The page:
June 20, 2011
The Right to Petition: Borough of Duryea v. Guarnieri Opinion Analysis
The last two clauses of the First Amendment - - - the right to peaceably assemble and the right to petition the government for redress of grievances - - - have long been the flotsam of the First Amendment.
The Court's opinion today in Borough of Duryea v. Guarnieri involving the right to petition does little to change that.
The opinion, authored by Justice Kennedy, does express some grand sentiments about the Petition Clause: it traces its origins to the Magna Carta, 1215, which not only confirmed the right of barons to petition the King, but was King John's response to a petition. The right to petition is a right "essential to freedom." Yet ultimately, the Court subjugates the Petition Clause to the Speech Clause:
It is not necessary to say that the two Clauses are identical in their mandate or their purpose and effect to acknowledge that the rights of speech and petition sharesubstantial common ground. This Court has said that the right to speak and the right to petition are “cognate rights.”
At issue is whether a public employee who was dismissed for filing a union grievance was protected by the Petition Clause. The Court reversed the Third Circuit and held that because the employee speech would fail the "matter of public concern" requirement under the Speech Clause, it similarly failed to make a claim under the Petition Clause:
The framework used to govern Speech Clause claims by public employees, when applied to the Petition Clause,will protect both the interests of the government and the First Amendment right. If a public employee petitions as an employee on a matter of purely private concern, the employee’s First Amendment interest must give way, as it does in speech cases.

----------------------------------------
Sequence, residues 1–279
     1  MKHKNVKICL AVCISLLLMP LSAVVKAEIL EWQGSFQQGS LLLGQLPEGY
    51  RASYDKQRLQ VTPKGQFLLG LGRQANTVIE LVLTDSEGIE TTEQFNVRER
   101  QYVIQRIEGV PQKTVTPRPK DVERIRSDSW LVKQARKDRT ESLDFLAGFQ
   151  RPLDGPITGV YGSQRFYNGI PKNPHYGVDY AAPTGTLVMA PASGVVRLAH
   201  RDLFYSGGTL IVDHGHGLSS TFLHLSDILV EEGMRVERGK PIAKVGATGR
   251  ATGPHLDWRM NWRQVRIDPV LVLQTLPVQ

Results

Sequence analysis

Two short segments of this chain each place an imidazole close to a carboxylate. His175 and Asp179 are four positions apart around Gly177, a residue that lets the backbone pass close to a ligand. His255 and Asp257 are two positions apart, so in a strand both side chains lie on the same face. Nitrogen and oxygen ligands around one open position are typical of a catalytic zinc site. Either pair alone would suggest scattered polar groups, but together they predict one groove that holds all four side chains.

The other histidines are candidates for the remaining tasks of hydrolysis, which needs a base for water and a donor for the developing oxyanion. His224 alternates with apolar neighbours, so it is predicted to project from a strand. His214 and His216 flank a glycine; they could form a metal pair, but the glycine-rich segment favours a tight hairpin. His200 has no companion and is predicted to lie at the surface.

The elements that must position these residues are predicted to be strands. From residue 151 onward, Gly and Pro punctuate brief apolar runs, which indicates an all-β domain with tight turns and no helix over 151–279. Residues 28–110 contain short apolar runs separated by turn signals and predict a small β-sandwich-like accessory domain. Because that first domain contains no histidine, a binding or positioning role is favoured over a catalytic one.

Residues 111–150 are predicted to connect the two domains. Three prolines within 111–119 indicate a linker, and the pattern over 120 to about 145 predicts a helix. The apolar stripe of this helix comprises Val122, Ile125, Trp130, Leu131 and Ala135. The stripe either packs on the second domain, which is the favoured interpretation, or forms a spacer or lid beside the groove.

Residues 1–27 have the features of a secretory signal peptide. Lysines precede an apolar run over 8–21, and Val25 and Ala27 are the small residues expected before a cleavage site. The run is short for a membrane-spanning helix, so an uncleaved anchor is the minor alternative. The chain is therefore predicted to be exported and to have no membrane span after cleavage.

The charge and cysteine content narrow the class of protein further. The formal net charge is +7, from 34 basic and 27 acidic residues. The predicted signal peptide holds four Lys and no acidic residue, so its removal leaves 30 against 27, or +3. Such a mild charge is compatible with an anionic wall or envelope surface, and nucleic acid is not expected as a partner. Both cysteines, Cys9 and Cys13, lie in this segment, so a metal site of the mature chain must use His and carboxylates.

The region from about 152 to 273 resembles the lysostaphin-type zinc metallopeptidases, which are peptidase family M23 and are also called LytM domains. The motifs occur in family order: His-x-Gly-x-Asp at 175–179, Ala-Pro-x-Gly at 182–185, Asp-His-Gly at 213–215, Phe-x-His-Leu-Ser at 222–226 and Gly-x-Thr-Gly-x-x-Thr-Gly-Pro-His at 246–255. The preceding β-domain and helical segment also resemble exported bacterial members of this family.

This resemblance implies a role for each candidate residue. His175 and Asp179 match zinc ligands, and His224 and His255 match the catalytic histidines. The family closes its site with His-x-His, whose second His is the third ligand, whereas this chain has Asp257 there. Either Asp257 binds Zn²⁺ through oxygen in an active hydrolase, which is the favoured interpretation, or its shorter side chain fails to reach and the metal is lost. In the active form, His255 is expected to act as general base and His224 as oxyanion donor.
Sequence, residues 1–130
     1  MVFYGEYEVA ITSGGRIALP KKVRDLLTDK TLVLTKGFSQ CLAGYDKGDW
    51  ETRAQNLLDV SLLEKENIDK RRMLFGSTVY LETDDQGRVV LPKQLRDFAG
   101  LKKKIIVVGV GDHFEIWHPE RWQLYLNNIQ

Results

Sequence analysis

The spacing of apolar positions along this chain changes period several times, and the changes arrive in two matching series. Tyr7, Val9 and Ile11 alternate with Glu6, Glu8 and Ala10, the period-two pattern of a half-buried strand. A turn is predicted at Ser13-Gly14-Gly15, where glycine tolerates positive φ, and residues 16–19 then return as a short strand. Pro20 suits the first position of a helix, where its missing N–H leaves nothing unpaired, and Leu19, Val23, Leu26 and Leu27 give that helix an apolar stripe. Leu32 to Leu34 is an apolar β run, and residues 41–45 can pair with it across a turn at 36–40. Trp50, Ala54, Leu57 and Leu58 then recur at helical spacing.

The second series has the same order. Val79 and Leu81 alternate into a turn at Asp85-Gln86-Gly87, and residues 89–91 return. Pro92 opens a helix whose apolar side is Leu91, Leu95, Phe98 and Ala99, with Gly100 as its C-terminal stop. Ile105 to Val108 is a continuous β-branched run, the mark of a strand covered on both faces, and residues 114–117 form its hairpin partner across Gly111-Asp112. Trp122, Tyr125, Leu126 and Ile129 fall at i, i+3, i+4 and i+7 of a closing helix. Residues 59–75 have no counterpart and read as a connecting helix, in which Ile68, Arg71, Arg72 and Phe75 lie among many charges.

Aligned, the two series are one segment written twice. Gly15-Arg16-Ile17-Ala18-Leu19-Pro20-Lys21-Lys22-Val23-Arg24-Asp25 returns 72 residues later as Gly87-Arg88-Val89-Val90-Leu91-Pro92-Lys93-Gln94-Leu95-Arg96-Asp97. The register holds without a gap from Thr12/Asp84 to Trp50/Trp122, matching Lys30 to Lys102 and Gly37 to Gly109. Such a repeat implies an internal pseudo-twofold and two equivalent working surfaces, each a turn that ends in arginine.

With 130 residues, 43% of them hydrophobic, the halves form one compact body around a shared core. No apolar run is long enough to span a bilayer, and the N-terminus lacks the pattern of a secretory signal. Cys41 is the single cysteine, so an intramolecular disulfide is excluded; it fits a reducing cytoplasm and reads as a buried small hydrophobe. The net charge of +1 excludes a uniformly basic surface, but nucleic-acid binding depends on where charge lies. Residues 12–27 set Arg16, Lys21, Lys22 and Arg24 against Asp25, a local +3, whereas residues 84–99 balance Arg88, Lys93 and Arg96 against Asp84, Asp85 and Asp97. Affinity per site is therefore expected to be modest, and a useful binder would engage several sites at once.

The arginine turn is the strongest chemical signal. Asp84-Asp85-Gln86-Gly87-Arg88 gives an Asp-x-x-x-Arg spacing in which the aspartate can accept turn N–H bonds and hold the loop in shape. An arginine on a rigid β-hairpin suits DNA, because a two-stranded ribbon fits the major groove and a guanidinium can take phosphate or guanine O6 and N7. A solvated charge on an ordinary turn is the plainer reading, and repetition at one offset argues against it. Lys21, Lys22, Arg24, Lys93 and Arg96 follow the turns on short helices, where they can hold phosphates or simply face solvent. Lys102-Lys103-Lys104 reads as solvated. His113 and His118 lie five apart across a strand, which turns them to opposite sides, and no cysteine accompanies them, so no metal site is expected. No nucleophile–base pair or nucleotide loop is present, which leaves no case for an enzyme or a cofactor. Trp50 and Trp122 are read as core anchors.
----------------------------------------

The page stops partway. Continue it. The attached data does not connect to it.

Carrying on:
Justice Scalia concurred and dissented, articulating two disagreements. First, he found it "doubtful" that the Petition Clause includes a lawsuit. Instead, he argues from an originalist stance that it includes only petitions directed at legislative and executive branches, even as he acknowledges that some scholars disagree. Justice Thomas' separate concurrence also states that the original meaning of the Petitions Clause does not include lawsuits.
Second, "and of greater practical consequence" for Justice Scalia, he disagrees with "the Court’s decision to apply the “public concern” framework of Connick v. Myers, 461 U. S. 138 (1983), to retaliation claims brought under the Petition Clause." He argues that the Court correctly holds that the Speech Clause and Petition Clause are not co-extensive, but then the Court goes on to treat them identically and to "shoehorn" the public concern doctrine into the Petition Clause. For Scalia, this is especially misguided because "petitions to address private grievances were such a high proportion of petitions at the founding - - - a proportion that is infinitely higher if lawsuits are considered to be petitions—it is ahistorical to say that petitions on matters of public concern constitute 'core petitioning activity.' "
However, whether the opinion is ahistorical or not, the Petition Clause has certainly not been expanded in Borough of Duryea v. Guarnieri.
[image: Petition from the citizens of NJ to Congress to criminalize lynching, 1900, via]
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